It’s widely recognized the world is going to have a lot of extra mouths to feed in the coming decades, especially in the developing world, where demand is rising for nutritious and protein-rich food.
To meet this impending swell in demand, innovators are searching for farming technologies that will require the least input and the least arable land. As always, traditional crops will need to produce higher yields than they do today, but they cannot meet this challenge alone.
In the most recent issue of Biomass Magazine ABO’s executive director Matt Carr writes about the global food challenge and how new research can help us provide the food we need without a crippling ecological impact.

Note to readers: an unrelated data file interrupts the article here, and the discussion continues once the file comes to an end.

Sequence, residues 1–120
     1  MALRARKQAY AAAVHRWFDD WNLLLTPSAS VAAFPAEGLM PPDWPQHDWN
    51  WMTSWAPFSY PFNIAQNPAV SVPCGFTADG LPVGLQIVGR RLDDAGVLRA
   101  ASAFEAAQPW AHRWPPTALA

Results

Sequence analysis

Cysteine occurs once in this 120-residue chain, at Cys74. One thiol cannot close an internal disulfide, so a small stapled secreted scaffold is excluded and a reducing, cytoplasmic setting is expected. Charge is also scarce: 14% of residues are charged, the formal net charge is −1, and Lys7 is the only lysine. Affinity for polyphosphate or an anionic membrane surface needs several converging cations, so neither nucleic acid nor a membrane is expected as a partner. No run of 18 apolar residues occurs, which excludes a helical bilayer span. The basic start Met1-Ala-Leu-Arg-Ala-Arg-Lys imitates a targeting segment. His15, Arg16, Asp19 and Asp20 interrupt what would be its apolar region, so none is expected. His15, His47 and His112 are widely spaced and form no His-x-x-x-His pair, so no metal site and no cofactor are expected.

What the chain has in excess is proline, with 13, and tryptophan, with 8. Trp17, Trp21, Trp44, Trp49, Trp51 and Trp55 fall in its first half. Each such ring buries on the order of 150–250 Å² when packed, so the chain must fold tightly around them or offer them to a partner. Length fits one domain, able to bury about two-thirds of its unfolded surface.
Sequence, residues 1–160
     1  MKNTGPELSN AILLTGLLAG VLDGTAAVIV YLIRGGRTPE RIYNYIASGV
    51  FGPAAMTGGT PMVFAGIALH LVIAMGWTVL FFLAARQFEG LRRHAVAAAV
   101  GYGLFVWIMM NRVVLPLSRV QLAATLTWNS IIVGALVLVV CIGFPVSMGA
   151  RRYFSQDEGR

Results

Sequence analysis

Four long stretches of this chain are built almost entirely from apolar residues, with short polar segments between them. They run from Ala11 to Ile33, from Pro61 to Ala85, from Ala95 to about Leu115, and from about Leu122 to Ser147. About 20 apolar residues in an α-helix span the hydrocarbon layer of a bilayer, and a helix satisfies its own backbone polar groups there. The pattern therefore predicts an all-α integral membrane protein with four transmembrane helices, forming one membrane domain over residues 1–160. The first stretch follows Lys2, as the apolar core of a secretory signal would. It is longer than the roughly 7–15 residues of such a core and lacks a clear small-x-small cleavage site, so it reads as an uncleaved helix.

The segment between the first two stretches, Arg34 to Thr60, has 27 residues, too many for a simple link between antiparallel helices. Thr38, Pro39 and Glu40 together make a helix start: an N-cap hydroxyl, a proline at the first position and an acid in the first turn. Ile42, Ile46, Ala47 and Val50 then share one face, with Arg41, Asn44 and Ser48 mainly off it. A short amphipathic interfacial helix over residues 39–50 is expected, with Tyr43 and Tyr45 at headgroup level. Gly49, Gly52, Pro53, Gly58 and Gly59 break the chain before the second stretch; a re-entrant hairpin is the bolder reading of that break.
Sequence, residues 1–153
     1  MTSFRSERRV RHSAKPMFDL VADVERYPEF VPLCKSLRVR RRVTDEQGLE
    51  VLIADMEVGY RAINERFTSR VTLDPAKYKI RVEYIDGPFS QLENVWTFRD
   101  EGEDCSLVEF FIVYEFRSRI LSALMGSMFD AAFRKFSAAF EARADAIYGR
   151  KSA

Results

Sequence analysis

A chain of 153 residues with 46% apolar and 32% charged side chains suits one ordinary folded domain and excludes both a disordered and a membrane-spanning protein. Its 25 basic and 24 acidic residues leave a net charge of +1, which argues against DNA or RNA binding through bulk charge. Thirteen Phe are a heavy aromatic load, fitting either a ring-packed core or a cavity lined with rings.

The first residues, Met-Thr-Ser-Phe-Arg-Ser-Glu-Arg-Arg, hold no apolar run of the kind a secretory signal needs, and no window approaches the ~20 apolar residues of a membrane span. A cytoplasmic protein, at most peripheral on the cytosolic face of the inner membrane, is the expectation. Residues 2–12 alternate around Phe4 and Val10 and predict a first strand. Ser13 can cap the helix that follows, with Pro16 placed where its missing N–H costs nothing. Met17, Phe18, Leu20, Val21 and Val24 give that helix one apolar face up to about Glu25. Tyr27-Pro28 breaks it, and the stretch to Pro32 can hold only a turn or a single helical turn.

“the world doesn’t just need more food—we need better food” –Matt Carr
Algae, for example, can become a key component of food production. Algae can be cultivated with non-potable water, little to no agricultural land, and harvested year round. They can be a source of food for human as well as animals, which means they can help reduce the impact of feeding more and more livestock and fish as global populations grow.
To learn more about how algae can be the missing link in the global food shortage, check out Expanding Food Production and Biomass Benefits in Biomass Magazine.